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Death at the Border: How CBP Agents Urged Mexican Teen to Drink the Liquid Meth That Killed Him

StoryAugust 02, 2017
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Newly released video footage shows U.S. Customs and Border Protection agents telling 16-year-old Mexican teenager Cruz Velazquez to drink from a bottle of liquid methamphetamine at a border checkpoint in San Diego, causing him to die from an acute drug overdose. In 2013, the teenager was crossing from Tijuana to California with two bottles of what he claimed was apple juice. The video shows the border agents, who suspected the liquid was liquid meth, repeatedly encouraging the teenager to drink from it and prove he wasn’t lying. Minutes after the teenager sipped on the liquid, his body began convulsing, and he began shouting "my heart" in Spanish. He passed away shortly after. The agents only tested the liquid after Cruz took several sips and began overdosing. The officers were never disciplined. Critics say Velazquez’s case is just the latest example of rampant abuse and mistreatment by border agents. We speak with John Carlos Frey, two-time Emmy Award-winning journalist and documentary filmmaker. His new investigation is titled "Life and Death at the Border." The project was conducted in partnership with ABC’s "20/20."

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AMY GOODMAN: Newly released video shows U.S. Customs and Border Protection agents telling 16-year-old Mexican teenager Cruz Velazquez to drink from a bottle of liquid methamphetamine at a border checkpoint in San Diego, causing him to die from an acute drug overdose. In 2013, the teenager was crossing from Tijuana to California with two bottles of what he claimed was apple juice. The newly released video shows the border agents, who suspected the liquid was liquid meth, then repeatedly encouraged him to drink from it, to prove he wasn’t lying. Minutes after the teenager sipped on the liquid, his body began convulsing. He began screaming "Mi corazón," "My heart." He died two hours later. This is Velazquez’s younger sister, Reyna, speaking to ABC’s 20/20.

REYNA VELAZQUEZ: They were laughing, until my brother started shaking and screaming. He was in pain. He passed through all that pain before he died. How can a government allow that? It’s like, "OK, you can kill someone." They took him as a fool, as "Who cares?" Well, that fool, he was the greatest person I ever knew.

AMY GOODMAN: The officers have not been disciplined. The U.S. has paid the Velazquez family a million dollars in a wrongful death lawsuit. However, there was no apology, no admission of wrongdoing. Critics say Cruz Velazquez’s case is just the latest example of rampant abuse and mistreatment by border agents. Earlier this year, then-White House Press Secretary Sean Spicer said the president wanted to "take the shackles off" the nation’s immigration and customs agents.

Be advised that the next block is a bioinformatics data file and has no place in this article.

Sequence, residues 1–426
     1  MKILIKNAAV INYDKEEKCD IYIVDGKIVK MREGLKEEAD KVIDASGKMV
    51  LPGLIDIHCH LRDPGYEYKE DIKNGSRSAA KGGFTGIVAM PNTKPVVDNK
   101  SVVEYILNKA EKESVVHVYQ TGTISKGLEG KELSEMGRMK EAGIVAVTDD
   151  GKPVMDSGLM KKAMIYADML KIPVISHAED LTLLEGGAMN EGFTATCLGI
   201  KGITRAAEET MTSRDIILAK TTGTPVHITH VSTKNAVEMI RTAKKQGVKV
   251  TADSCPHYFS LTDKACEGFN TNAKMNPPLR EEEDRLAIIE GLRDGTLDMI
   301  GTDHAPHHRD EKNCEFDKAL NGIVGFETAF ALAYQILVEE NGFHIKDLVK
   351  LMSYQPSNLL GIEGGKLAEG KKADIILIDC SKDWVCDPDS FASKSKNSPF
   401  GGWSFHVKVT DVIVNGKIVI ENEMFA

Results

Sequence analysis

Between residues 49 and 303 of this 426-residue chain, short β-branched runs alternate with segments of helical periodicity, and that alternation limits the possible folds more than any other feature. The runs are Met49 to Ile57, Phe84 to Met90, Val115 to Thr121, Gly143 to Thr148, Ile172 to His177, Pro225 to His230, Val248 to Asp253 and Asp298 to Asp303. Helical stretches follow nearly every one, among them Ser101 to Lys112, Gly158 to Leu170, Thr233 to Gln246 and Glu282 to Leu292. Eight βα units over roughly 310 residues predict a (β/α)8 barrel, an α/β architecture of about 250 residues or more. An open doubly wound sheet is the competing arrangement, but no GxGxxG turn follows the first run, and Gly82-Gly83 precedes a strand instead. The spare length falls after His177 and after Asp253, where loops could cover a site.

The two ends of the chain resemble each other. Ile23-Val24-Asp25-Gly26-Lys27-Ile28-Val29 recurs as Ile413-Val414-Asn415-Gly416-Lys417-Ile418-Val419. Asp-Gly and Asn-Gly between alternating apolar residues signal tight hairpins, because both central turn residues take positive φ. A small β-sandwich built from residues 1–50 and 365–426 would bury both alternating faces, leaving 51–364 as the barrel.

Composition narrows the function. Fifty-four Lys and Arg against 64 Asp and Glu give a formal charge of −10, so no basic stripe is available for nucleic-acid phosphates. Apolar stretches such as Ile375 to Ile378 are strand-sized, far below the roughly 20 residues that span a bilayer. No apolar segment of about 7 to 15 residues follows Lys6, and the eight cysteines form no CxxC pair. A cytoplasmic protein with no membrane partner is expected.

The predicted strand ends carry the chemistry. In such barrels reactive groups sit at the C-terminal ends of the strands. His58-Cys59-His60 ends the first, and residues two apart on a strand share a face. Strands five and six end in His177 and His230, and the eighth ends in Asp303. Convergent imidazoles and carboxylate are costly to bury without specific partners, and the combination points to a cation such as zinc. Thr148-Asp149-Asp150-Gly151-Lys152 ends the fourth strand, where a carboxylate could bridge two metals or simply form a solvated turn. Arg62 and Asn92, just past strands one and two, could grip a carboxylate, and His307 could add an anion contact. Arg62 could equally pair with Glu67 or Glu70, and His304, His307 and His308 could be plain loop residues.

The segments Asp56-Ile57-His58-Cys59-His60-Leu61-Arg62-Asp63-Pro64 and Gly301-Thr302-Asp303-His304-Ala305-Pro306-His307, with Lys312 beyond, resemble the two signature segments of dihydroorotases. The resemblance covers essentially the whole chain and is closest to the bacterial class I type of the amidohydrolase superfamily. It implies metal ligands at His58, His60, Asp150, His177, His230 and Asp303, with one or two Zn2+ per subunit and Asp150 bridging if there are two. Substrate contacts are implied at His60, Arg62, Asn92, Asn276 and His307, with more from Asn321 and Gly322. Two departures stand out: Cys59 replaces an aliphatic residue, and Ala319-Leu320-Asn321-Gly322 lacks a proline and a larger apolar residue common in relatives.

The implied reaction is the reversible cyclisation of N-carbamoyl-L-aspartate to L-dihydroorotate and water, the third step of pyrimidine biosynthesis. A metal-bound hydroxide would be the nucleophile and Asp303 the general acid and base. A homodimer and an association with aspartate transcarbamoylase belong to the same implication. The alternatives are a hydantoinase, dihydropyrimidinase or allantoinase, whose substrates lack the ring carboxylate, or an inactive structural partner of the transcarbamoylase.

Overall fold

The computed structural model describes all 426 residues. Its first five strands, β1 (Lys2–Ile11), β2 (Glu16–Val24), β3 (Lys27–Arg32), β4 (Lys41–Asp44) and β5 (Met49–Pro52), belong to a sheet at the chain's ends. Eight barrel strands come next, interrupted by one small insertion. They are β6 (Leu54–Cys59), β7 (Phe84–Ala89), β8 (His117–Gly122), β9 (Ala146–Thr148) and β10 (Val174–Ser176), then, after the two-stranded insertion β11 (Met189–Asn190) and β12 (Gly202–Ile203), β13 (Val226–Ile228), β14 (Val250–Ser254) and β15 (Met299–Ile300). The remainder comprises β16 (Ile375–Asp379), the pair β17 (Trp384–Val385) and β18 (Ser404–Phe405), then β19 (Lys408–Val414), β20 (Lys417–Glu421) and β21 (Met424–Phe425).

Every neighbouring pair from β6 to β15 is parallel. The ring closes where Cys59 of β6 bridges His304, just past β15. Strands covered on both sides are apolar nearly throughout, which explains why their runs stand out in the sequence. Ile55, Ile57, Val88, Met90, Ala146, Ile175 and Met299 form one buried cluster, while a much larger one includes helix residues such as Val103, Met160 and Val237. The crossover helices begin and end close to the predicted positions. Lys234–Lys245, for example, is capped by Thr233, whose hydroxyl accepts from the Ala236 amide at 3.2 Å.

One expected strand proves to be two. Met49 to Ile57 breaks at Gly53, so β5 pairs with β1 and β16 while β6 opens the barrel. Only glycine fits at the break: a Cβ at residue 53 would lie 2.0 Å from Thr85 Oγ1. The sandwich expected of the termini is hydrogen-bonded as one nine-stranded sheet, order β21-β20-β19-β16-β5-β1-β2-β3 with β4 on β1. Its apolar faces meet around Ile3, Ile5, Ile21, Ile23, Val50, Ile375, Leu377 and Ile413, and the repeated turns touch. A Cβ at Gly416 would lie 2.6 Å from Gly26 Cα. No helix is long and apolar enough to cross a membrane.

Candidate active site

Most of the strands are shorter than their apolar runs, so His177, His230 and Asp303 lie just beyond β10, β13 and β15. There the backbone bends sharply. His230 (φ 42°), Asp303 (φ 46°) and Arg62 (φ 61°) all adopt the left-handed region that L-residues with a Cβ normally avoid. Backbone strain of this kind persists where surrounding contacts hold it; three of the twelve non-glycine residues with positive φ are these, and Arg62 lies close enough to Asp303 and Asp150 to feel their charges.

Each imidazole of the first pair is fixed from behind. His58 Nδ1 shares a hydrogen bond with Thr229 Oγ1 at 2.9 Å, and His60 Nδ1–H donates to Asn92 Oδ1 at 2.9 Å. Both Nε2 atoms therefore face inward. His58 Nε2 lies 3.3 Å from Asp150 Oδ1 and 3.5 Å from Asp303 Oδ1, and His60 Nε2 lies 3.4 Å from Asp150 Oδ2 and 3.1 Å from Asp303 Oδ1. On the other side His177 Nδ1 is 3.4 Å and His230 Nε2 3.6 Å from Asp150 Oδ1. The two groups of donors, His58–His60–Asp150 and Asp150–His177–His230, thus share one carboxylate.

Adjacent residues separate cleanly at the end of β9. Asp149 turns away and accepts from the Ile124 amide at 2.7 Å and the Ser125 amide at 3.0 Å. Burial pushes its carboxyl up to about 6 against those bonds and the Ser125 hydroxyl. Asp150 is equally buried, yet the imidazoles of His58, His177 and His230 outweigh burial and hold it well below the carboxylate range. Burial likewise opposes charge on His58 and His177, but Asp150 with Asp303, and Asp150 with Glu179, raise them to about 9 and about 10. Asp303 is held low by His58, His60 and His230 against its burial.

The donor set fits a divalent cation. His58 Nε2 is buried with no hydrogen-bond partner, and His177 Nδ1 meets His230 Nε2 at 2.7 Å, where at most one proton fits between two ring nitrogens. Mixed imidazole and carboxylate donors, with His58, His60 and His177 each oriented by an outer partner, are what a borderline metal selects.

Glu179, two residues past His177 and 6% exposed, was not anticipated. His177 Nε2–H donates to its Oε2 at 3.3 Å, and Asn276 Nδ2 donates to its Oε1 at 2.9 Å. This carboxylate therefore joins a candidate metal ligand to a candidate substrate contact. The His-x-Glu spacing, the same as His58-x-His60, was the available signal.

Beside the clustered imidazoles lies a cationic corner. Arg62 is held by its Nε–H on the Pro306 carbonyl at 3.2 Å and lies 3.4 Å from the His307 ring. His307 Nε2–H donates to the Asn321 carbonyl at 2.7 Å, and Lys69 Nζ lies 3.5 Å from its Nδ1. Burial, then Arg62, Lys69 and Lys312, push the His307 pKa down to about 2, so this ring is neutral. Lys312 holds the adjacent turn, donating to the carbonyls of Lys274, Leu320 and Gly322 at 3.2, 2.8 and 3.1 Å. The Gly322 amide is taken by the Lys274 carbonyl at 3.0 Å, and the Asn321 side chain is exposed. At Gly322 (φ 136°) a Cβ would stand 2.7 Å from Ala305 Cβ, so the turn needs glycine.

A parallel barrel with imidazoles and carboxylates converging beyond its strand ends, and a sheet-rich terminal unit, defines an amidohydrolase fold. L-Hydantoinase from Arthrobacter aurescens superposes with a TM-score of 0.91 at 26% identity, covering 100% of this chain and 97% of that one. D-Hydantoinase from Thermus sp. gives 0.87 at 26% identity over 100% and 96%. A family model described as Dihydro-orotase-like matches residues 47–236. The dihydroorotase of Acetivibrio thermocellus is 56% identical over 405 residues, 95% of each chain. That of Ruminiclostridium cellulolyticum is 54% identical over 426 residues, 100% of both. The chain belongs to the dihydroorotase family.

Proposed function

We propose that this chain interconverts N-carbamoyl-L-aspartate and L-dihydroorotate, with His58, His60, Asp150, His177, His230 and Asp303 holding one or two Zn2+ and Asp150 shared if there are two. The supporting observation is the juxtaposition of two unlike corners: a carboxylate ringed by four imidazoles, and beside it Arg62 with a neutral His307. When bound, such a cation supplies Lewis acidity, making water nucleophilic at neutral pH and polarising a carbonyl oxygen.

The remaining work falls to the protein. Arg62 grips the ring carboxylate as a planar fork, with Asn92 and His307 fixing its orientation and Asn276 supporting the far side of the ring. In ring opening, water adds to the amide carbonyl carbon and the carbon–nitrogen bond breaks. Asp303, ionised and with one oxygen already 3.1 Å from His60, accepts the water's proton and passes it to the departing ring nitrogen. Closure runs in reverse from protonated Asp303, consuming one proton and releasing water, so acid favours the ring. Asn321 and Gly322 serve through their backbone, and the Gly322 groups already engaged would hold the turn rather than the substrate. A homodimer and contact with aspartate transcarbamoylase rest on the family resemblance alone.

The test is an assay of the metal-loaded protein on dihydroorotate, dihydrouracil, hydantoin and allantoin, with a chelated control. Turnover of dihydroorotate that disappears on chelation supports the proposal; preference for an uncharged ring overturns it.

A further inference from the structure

PRESS SECRETARY SEAN SPICER: The president needed to give guidance, especially after what they went through in the last administration, where there were so many carve-outs that ICE agents and CBP members didn’t—had to figure out, each individual, whether or not they fit in a particular category and they could adjudicate that case. The president wanted to take the shackles off individuals in these agencies and say, "You have a mission. There are laws that need to be followed. You should do your mission and follow the law."

AMY GOODMAN: For more, we go to Houston, Texas, where we’re joined by John Carlos Frey, two-time Emmy Award-winning journalist, documentary filmmaker. His work focuses on the experience of immigrants on the U.S.-Mexican border.

We welcome you to Democracy Now!, John Carlos. Can you talk about this horrific story? What happened to Cruz Velazquez?

JOHN CARLOS FREY: Yeah, it is a horrific story. And good morning, Amy. This is a shocker. I was given this surveillance video from inside the building, the border crossing, the port of entry between Tijuana, Mexico, and San Diego, California. And it just depicts every bit of detail of what happened to this young man. He was coerced by the Sinaloa Cartel to carry methamphetamine in solution, which is a way that some people are trying to smuggle the drugs across the border. The young man was smuggling drugs. He was in the commission of a crime. And so, there was—there was something suspicious about his behavior, so he got pulled over to secondary inspection.

The two agents that you see in the video examined the contents of his backpack, took a look at the liquid. They opened the bottle. They smelled it. It appeared, by the video itself, that they suspected that this was an illegal narcotic. And instead of testing the liquid, which is what protocol would require them to do—and they have a test kit right there handy—they decided to toy with the young man. And you could see them laughing in the video. And they went ahead and put the bottle right smack in front of him and made some hand gestures for him to go ahead and sip it.